Top grant awarded to research on microorganisms
Professor Frede Thingstad is the third Norwegian researcher this autumn to be awarded a European Research Council (ERC) Advanced Grant of NOK 20 million. Professor Thingstad is investigating the biological interactions among microorganisms at the ocean surface.
Frede Thingstad is a professor in the Department of Biology at the University of Bergen (UiB). The university can therefore celebrate the fact that all the Norwegian researchers awarded Advanced Grants under the current call for proposals are from its own ranks.
Ocean surface ecosystem
Oceans cover two-thirds of the world’s surface and the ocean surface ecosystem plays an important role in the uptake of CO2 by the ocean and in the transport of carbon into the deep ocean.
“It is an extremely complex system,” states Professor Thingstad and describes the millions of viruses and other organisms that can be found in one litre of water. “Each bacterium lives for twenty-four hours, before other organisms do it in.”
“It is a dream to be able to carry out this project,” says Professor Thingstad to UiB’s online newspaper. Now he has managed to get the backing of the ERC for the project, and with the help of fractal theory he will set to work to acquire new knowledge about the ocean surface ecosystem.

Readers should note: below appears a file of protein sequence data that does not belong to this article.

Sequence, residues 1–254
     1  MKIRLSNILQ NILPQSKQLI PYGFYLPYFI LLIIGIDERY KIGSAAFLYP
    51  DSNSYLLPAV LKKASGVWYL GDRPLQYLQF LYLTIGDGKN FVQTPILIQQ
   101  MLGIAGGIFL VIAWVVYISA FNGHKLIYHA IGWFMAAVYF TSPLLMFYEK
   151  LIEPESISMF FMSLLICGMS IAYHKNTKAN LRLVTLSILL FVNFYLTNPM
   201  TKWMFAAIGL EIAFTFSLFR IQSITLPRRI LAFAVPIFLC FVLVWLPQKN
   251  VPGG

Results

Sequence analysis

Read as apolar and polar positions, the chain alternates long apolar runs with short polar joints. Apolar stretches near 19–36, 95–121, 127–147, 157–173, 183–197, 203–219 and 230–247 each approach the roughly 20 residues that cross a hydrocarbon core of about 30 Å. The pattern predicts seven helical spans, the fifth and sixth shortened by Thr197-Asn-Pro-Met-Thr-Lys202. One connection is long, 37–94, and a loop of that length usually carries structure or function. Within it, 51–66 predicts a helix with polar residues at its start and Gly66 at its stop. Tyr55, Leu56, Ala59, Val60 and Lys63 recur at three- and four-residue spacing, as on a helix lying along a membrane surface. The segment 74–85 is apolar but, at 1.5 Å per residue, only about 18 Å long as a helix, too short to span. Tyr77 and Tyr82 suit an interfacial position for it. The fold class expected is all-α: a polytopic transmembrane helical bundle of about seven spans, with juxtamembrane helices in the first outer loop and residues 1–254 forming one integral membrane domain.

The MINOS project (MIcrobial Network OrganiSation) is characterised as a high-risk project. Both Professor Thingstad and the project received the highest recommendations from the panel that assessed the grant proposal. The panel emphasised in particular Professor Thingstad’s originality and the fact that he heads an extremely strong research group.
The ERC’s Advanced Investigators Grant is a funding scheme under the programme on frontier research “Ideas”. The programme is a part of the EU Seventh Framework Programme for Research and Technological Development, and is implemented by the ERC.
Advanced Grants are awarded to projects that are highly ambitious, pioneering and unconventional. The Principal Investigators who receive the grants must be exceptional leaders in the European research community.
Source: The Research Council of Norway